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Women in the Economy

Tuesday October 2002


Celeste Colgan Senior Fellow, National Center for Policy Analysis

The entry of women into the labor market has been one of the most important economic and sociological changes of our time. Today, more than 75% of women between 25 and 55 are working, and more than 60% of them have children under 6. These changes have had a major impact. The proportion of 'traditional' married couples with one wage-earner and a stay-at-home spouse has fallen from almost 90%, to just over one-third. Dual-earner families, with both spouses working, comprise almost 2/3 of all married couples.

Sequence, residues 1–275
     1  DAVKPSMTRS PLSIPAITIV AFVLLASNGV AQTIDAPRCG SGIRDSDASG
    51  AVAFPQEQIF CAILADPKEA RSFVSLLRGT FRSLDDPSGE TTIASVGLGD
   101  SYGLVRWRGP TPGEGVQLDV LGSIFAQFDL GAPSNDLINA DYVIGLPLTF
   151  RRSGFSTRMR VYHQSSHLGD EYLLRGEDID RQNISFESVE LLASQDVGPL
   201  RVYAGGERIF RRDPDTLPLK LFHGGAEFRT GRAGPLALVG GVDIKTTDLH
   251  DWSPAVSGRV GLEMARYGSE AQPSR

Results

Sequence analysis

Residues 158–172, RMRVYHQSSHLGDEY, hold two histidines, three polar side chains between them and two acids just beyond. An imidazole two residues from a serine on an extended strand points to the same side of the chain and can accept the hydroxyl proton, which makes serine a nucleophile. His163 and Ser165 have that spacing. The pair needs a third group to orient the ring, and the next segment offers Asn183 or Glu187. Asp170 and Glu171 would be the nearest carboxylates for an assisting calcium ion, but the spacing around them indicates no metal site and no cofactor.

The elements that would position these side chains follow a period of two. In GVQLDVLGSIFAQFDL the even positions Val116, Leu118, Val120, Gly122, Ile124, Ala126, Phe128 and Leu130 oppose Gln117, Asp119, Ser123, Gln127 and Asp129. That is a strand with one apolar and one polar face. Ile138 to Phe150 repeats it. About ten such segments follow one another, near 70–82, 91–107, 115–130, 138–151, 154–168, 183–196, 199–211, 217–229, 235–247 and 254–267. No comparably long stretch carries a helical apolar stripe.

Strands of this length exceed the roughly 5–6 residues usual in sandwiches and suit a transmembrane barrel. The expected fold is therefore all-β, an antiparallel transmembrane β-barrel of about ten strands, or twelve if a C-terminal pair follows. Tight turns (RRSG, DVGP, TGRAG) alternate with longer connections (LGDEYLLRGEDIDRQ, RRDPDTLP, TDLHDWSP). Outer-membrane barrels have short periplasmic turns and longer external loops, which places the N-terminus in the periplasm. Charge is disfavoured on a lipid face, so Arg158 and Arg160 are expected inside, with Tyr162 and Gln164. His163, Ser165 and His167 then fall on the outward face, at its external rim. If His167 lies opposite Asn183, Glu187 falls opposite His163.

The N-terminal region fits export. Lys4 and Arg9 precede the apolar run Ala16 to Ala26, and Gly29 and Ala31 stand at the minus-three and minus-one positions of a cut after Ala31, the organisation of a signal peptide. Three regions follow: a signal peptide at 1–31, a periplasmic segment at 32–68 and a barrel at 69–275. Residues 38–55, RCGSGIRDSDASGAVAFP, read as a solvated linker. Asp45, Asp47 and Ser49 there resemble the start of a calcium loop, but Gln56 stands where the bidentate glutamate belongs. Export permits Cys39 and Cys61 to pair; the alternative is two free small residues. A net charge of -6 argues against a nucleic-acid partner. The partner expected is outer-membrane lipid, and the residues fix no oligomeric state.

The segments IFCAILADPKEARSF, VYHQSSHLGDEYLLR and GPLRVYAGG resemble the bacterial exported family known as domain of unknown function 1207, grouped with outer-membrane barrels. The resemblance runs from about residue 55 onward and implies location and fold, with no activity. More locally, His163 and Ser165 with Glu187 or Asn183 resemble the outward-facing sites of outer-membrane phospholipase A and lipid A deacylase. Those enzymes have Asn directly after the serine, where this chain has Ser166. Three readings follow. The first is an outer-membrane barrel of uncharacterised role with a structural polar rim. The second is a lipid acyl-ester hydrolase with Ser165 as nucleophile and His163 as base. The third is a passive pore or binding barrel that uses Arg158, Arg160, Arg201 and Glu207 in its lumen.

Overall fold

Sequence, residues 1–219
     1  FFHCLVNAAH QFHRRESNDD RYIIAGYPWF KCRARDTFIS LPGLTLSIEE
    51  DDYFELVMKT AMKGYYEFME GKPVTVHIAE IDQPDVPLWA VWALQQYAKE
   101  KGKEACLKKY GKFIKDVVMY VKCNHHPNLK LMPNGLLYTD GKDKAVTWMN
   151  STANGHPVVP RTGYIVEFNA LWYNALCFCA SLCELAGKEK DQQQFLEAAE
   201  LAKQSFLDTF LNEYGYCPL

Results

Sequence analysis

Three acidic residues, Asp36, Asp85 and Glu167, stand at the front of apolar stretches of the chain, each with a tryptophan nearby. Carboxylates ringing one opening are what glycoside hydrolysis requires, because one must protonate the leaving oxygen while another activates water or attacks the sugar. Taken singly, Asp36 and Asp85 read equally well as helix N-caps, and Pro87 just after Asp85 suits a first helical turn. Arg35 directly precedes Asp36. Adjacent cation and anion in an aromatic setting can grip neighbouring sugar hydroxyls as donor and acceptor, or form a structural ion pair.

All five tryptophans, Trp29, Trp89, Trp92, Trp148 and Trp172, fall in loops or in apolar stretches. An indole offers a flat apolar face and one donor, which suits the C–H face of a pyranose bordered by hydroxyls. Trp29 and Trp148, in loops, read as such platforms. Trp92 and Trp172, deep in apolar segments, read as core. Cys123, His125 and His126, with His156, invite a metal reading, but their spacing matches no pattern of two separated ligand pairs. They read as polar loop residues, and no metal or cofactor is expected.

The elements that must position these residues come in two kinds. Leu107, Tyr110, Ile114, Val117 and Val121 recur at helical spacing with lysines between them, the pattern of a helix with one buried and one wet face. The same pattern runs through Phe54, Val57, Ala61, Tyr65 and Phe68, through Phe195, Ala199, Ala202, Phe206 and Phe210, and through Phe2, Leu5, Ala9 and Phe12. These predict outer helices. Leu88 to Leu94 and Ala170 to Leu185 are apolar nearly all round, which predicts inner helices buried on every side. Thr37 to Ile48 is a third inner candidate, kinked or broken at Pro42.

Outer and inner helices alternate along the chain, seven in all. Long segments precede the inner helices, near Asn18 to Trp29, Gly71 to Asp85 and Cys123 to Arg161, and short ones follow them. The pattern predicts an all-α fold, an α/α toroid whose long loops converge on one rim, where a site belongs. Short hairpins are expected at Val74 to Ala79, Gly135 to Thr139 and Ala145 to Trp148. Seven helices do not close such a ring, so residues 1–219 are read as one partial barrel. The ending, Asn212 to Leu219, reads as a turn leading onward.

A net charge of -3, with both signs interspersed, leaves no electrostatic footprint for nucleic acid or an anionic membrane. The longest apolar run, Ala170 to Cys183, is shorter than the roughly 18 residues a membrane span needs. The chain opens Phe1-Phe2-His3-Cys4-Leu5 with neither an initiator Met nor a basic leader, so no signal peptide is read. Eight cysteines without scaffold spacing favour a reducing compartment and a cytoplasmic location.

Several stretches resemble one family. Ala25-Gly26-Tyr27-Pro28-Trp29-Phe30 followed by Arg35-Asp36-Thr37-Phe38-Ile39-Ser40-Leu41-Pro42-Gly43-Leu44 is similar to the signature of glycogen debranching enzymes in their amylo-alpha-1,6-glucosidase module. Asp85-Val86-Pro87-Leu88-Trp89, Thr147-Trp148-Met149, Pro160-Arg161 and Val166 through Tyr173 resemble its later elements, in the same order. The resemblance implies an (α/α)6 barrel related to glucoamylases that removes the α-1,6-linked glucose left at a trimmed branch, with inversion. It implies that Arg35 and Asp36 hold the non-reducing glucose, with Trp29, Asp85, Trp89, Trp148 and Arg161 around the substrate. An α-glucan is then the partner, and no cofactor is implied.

Many government policies, however, are a legacy of the time when households were assumed to be made up of a single breadwinner and a stay-at-home wife. A wife who enters the labor market is taxed at her husband's tax rate. If she is in a middle-income family, she can keep only about 35 cents out of each dollar she earns. The federal law controlling health insurance and pensions, designed to accommodate a full-time worker with a stay-at-home spouse, penalizes any other arrangement.

Celeste Colgan of the 'Women in the Economy" project at the National Center for Policy Analysis, takes a critical look at tax law, employee benefits, Social Security and a host of other institutions. She makes a compelling case that government policies-on issues from taxation to health care to retirement plans' must be overhauled because they were formulated during a time when the role of women in society was far different than it is today.